In Minecraft, redstone is the stuff that acts sort of like electricity. Using the various components, mechanics and quirks available, it’s possible to make some amazing stuff. There are guys out there who – and I say this with genuine amazement and respect – have built fully-functioning computer processors and stuff out of redstone, in the game world.
On a more mundane level, redstone can be used to control things like the door to your Minecraft house, or even make a doorbell for players to ring. This was initially what drew me to it; I just wanted to make a better door for my house. It turned out that the specific things I often wanted to accomplish with redstone were not actually easy to do by just plonking down the supplied components like buttons, levers and wires. Instead, you had to build circuits. For a novice like me this was, to put it mildly, Complicated. And, for someone like me who really can’t resist an unsolved problem, irresistible.
Slowly, I became ‘the redstone guy’ on our multiplayer servers. My friends would often build stuff, then get me to design and wire up a redstone-operated door, bridge, staircase, trap, or whatever. I was proud of my creations, and am still particularly fond of the design I made where a previously invisible double doorway would fold into an apparently blank mountainside (and could be locked for good measure).
The only thing is, I could never really get my head around those logic circuits I was using. At the time, I was suffering from Chronic Fatigue, and although I built models of all the circuits I found on the Internet and was adept at using them in my creations, I couldn’t quite grasp the logic behind them or design one by myself.
Having returned to Minecraft thanks to my nephews, last night I spent two hours trying to rebuild an old double-door-with-lock-mechanism I used to use all the time in the old days from memory. I couldn’t. Eventually I ceded defeat and had to consult a guide to see what I was doing wrong. It was, to be honest, quite depressing. I really used to enjoy my redstone creations – to the extent that they were probably what I began to enjoy most about Minecraft after the initial joy of discovery and static creation began to fade – and I really wanted to be able to create my own circuits before just copy-pasting someone else telling me what to do.
Lying in bed later on, thinking about my survival mode game and how hard it is to get sticky pistons – the game’s way of moving a block one way, then back again using the same mechanism – I began to think about how to make a door using non-sticky pistons (which only move blocks one way, then leave them there). And as my mind worked out a simple design for a piston-powered doorway I could use in my mountainside safe house, I suddenly had this eureka moment where I realised that my doorway would also function as an RS Latch. An RS Latch is a type of memory circuit that has two inputs, one of which makes the circuit’s output stay on (the SET input) and one of which makes it stay off (the RESET input – hence the name). It was the sort of thing I used to painstakingly recreate from guides online without a great deal of real comprehension. And I’d just designed my own, my very very own – by accident.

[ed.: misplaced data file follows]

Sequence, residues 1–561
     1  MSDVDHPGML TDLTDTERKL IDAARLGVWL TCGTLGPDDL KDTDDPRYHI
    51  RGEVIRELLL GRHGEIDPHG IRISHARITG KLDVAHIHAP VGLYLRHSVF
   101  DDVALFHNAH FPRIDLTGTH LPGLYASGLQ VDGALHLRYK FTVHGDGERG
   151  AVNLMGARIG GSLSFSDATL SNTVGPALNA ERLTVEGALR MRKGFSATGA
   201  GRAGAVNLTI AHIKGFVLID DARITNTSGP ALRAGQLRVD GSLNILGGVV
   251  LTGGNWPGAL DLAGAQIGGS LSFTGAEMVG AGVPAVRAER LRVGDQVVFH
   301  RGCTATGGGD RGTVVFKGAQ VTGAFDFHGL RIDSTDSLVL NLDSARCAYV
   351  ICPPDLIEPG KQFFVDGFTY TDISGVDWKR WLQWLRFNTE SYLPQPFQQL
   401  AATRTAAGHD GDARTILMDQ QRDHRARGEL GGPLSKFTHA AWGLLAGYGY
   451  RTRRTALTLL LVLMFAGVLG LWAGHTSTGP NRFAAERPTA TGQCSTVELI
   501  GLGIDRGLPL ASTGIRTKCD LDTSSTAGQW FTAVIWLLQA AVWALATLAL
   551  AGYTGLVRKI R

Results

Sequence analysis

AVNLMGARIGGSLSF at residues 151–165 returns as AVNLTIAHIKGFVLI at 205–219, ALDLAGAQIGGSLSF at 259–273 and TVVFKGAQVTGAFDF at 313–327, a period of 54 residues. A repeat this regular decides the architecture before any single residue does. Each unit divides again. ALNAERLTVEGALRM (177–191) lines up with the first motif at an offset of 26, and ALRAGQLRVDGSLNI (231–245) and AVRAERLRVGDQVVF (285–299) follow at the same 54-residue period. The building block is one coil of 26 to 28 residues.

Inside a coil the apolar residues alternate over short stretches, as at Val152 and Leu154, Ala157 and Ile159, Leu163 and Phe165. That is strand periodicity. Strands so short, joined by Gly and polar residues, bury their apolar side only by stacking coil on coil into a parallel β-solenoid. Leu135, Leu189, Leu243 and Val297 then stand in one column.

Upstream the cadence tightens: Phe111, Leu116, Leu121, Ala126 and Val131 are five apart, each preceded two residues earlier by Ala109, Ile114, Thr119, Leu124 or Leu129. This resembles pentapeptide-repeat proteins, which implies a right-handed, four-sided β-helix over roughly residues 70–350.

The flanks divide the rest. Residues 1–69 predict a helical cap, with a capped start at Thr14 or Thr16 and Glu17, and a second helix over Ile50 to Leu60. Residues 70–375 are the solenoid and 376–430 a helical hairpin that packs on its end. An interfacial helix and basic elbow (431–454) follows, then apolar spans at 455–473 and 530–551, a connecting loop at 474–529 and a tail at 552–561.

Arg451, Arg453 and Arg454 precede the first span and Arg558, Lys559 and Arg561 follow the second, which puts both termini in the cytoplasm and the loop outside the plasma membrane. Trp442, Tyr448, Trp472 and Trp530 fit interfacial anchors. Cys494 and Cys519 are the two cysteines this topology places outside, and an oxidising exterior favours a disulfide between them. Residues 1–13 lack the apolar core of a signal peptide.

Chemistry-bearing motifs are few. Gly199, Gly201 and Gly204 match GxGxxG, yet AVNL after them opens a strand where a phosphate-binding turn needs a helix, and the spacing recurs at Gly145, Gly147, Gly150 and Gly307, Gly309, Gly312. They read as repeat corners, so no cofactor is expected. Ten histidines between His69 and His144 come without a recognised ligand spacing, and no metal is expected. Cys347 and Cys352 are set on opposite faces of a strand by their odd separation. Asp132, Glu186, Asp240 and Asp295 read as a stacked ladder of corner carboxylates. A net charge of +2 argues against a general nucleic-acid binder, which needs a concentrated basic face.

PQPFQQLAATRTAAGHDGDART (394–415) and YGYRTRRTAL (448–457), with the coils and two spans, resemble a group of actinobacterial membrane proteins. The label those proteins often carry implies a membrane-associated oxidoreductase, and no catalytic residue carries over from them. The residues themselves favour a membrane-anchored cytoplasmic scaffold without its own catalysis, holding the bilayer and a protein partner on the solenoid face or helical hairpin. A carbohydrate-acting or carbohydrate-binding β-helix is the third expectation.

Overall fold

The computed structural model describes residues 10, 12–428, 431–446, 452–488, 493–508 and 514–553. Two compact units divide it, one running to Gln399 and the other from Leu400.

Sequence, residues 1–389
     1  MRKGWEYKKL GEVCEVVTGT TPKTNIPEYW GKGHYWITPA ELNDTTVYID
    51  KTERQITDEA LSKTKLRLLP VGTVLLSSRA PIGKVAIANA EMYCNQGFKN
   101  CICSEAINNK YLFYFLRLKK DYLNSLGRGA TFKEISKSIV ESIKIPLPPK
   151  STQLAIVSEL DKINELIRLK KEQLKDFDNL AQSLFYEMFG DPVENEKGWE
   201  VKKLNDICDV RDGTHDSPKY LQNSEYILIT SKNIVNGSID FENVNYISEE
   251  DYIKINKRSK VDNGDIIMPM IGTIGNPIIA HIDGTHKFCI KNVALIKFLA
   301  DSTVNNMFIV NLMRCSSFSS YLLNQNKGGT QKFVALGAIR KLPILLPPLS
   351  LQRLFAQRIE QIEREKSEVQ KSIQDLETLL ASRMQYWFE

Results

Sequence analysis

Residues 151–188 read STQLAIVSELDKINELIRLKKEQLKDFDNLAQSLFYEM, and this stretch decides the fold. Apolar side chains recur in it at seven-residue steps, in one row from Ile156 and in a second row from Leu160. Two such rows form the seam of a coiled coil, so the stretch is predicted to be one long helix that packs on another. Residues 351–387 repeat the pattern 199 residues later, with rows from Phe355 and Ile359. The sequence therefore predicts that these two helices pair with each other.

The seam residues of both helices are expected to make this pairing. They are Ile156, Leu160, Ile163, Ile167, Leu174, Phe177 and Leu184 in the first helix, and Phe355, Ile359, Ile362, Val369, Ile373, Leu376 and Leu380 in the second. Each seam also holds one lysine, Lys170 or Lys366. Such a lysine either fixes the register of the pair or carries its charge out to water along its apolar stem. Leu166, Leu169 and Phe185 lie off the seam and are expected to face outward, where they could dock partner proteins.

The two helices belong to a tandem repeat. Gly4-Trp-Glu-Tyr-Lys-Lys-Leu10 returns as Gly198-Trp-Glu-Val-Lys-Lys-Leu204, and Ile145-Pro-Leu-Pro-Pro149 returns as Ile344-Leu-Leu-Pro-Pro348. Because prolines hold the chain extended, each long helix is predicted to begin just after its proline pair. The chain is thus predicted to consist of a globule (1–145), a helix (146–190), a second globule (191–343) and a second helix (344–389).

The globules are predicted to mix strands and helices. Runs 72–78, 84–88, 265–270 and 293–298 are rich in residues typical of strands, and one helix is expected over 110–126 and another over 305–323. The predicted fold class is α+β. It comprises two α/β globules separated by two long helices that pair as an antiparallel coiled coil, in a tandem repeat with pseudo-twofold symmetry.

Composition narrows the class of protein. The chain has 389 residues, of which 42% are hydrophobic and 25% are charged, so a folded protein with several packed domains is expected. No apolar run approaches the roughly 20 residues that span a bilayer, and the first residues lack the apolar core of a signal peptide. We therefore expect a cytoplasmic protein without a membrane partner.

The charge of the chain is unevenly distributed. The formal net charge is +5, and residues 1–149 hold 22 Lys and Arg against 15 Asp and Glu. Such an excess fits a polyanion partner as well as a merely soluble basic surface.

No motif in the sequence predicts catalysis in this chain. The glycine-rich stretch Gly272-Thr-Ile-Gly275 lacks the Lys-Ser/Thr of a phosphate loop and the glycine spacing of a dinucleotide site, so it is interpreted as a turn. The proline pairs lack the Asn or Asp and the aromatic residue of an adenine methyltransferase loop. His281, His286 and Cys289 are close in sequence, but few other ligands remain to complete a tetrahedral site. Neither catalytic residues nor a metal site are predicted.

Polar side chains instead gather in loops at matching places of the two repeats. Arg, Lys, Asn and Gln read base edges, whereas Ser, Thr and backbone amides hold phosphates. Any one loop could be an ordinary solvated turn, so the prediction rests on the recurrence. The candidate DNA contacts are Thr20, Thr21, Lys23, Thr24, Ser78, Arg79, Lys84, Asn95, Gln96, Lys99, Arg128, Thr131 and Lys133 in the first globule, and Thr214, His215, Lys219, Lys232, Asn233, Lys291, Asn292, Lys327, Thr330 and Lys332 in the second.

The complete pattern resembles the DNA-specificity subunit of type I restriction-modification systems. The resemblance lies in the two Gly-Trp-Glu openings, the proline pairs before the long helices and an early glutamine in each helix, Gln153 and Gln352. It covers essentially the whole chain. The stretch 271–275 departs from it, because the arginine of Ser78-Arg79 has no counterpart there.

It was marvellous.
Today I built that RS Latch, then I immediately built another one using a totally different design, then – then my mind just got something that it hadn’t before. I went on to build a NOR gate, then an OR gate, then AND and NAND gates – I mean I had to look up the names but I knew what the function of what I was creating was before finding out what I should call it. It was a great, great feeling, like a blockage in my brain that’d been there for years had just been dissolved. I could suddenly design my own logic gates using redstone.
Of course they’re not amazingly efficient designs – smart people have made incredible circuit designs that minimize space, maximise speed, can be vertical, flat, silent, sing, dance and cook a three course meal. But those are simply not nearly so exciting because they are not mine.
I find myself toying with the idea of making redstone guide videos like I used to make ME3 guide videos, again not because I’m necessarily better at it than anyone else but just because they’d be mine, and they’d explain it in a way which makes sense to me. And I’d really enjoy doing it.
Anyway, this has not been the promised ‘go through old minecraft screenshots’ post because of EUREKA! So here’s a consolation screenshot:
It’s my ‘new’ survival-mode game; of course, I didn’t play very much until I found a way to make the water look pretty.